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In the recently released ABARES Statistics Report 2020, Aquaculture is now confirmed as the largest sector of the Australian primary seafood industry, revealing that the sector grew 10 percent in 2019-20.

Of course, while the industry has been disrupted due to the COVID-19 pandemic, the total Australian fishery and aquaculture GVP in 2019–20 decreased slightly by 2 percent to $3.15 billion, higher aquaculture GVP offset lower GVP in the wild-catch sector.

It is reported that the wild-catch sector experienced a 12 percent contraction in the GVP, caused mainly by market disruption during COVID-19. Notably, the wild-catch sector saw decreased exports of rock lobster and abalone, with fishery product exports down 8 percent to $1.41 billion in 2019–20.

“Clearly, on the domestic scene, buyer behavior has also changed, seeing Australians consuming around 335,000 tonnes of seafood in 201920. This is a decrease from approximately 341,000 tonnes in 2017–18, including imported seafood products.”

The report highlights that the total value of imported fishery and aquaculture products decreased by 4 percent to $2.2 billion last year. The decrease was apparently driven by reduced imports of prawns/shrimp, squids, and octopus.

The full report can be seen at: https://www.agriculture.gov.au/ abares/research-topics/fisheries/ fisheries-and-aquaculture-statistics.

Interestingly in New Zealand, earnings from seafood have risen mainly, with a slight fall in 2020, while the weight exported has decreased from nearly 300 million kilograms in 2005 to 231 million kilograms in 2020.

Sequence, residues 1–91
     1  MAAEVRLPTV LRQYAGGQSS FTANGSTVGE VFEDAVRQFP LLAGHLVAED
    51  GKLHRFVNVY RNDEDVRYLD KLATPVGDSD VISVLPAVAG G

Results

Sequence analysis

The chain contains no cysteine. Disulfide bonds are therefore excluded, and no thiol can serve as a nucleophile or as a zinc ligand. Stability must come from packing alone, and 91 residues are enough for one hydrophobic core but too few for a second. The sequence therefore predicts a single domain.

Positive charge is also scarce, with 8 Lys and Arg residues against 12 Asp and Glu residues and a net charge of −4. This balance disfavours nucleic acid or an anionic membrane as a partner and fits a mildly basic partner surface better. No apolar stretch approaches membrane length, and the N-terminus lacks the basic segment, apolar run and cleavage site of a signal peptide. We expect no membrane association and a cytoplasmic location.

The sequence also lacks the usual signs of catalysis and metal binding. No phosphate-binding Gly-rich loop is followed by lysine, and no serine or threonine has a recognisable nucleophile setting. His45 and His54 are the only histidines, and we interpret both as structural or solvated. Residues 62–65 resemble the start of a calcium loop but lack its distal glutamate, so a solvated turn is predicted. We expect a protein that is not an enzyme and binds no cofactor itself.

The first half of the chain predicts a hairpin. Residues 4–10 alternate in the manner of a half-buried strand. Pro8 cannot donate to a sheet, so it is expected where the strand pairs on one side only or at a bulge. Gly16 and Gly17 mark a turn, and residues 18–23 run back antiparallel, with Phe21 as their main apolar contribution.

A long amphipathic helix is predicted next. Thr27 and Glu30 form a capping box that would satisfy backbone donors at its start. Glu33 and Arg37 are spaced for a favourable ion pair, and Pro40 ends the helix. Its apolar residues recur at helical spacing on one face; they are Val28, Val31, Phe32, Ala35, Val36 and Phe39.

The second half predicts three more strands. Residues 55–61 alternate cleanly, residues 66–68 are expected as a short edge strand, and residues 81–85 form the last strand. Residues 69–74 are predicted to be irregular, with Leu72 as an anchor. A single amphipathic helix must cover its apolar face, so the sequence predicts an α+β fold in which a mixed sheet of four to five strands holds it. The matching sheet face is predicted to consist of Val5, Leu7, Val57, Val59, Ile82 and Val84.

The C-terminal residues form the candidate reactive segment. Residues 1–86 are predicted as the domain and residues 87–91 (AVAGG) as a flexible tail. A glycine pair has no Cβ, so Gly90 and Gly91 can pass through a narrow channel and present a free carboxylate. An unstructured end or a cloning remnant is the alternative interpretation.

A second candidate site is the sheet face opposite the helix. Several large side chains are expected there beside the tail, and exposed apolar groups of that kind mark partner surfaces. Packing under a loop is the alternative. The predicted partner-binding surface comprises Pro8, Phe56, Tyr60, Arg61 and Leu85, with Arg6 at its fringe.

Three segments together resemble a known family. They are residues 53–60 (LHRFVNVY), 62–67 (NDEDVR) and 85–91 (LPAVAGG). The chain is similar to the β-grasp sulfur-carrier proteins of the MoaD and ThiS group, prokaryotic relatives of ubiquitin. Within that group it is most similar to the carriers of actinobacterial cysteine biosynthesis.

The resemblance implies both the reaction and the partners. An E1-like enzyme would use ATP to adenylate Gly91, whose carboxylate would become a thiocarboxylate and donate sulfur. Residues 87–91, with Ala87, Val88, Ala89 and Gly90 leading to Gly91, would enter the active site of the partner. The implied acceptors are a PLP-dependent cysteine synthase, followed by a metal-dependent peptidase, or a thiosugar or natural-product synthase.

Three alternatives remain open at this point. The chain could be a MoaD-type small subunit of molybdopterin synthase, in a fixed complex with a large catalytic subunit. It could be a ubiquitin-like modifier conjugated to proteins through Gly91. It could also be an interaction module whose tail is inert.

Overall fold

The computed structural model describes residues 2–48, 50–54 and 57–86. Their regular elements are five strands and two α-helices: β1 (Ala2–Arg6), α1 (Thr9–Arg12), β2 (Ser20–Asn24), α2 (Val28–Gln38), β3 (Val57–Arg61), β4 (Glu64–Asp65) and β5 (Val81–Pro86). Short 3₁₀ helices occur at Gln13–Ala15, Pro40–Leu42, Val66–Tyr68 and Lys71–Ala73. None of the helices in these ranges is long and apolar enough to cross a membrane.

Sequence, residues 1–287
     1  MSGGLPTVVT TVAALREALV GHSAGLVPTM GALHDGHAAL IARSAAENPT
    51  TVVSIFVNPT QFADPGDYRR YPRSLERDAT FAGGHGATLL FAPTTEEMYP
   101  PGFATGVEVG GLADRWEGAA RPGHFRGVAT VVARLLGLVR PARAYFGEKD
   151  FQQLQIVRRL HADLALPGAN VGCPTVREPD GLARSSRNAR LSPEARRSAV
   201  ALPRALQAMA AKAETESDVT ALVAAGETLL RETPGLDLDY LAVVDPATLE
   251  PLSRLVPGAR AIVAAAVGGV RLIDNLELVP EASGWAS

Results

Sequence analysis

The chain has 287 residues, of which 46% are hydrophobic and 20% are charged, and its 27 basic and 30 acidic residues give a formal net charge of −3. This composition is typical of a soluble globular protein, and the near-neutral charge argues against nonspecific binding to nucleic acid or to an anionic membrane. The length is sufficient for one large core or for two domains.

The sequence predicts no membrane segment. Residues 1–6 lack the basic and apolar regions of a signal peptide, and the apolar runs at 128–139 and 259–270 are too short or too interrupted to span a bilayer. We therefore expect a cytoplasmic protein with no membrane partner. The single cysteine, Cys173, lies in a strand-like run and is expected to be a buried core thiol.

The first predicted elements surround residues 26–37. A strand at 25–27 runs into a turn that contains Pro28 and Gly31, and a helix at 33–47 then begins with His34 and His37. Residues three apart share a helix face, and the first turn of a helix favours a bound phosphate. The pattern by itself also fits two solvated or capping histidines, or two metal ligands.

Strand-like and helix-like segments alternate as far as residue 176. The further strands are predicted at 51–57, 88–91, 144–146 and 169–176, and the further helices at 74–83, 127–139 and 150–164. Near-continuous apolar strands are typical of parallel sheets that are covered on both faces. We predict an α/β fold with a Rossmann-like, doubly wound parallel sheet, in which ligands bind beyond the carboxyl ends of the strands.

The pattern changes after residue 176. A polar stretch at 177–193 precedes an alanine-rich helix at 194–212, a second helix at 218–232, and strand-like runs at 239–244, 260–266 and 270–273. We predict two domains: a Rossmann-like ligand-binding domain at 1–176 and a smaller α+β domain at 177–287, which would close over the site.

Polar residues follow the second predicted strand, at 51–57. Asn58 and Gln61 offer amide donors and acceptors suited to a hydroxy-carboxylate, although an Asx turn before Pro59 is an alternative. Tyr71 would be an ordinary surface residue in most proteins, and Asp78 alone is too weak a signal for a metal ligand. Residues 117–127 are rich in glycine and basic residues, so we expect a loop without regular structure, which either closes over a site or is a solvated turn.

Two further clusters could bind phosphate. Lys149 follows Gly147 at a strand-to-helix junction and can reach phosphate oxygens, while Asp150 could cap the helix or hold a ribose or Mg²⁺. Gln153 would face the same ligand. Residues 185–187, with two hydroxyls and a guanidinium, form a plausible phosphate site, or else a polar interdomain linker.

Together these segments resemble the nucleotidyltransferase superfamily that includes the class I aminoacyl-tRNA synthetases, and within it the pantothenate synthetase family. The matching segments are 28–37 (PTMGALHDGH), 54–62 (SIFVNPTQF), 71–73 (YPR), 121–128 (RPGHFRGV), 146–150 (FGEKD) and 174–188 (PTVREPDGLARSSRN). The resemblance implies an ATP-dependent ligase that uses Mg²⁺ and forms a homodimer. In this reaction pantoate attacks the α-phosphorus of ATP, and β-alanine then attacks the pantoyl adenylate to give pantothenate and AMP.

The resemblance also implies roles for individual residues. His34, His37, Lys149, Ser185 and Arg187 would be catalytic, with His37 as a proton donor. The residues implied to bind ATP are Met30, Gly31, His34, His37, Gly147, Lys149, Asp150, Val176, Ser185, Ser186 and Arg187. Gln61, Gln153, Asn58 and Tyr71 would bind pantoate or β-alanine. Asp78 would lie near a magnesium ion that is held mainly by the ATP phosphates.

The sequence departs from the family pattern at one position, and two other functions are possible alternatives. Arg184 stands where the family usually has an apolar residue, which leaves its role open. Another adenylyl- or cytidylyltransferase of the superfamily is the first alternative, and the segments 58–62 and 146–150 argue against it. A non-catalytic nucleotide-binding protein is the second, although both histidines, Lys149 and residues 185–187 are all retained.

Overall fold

Sealord, one of the large quotaowning fishing and aquaculture companies, says it exports more than 90 percent of its harvest. Sanford’s, another large harvester, 2019 annual report says about 56.1 percent of its sales are export sales.

In the 1990s, Japan, Australia, and the United States were the biggest buyers of NZ seafood, but by 2011 China emerged as the top buyer. In 2019 China purchased almost $690m worth of seafood, while the secondbiggest buyer was the US, spending $245m.

New research has developed a blood test to predict the stress of aquatic species and help the industry manage their stock for optimal productivity and sustainability while ensuring animal health and welfare.

The recent work from the University of Western Australia in collaboration with the Department of Primary Industries and Regional Development focuses on measuring proteins in the blood of aquatic species to detect metabolic stress they may be facing.

“Research Associate Dr. Catherine Wingate from UWA’sUWA’s School of Molecular Sciences is quoted as saying, “My research focuses on measuring proteins in the blood of aquatic species to detect metabolic stress they may be facing.”

By detecting metabolic stress, we can develop an early warning system to assist the industry in managing their stock for optimal productivity and sustainability while ensuring animal health and welfare. This stress could be caused by disease, inadequate nutrition, or environmental factors such as temperature stress and pollution.”

“Numerous challenges are facing the aquaculture industry, which includes day-to-day stock management for optimal product quality and sustainable growth rates. Research using this optimize could also optimise reproduction, reduce susceptibility to illness, disease and mortality, and develop nutritious and sustainable fish feed.”

Dr. Wingate is also interested in exploring the potential of adapting the technology to monitor metabolic stress caused by environmental change in coral reef ecosystems.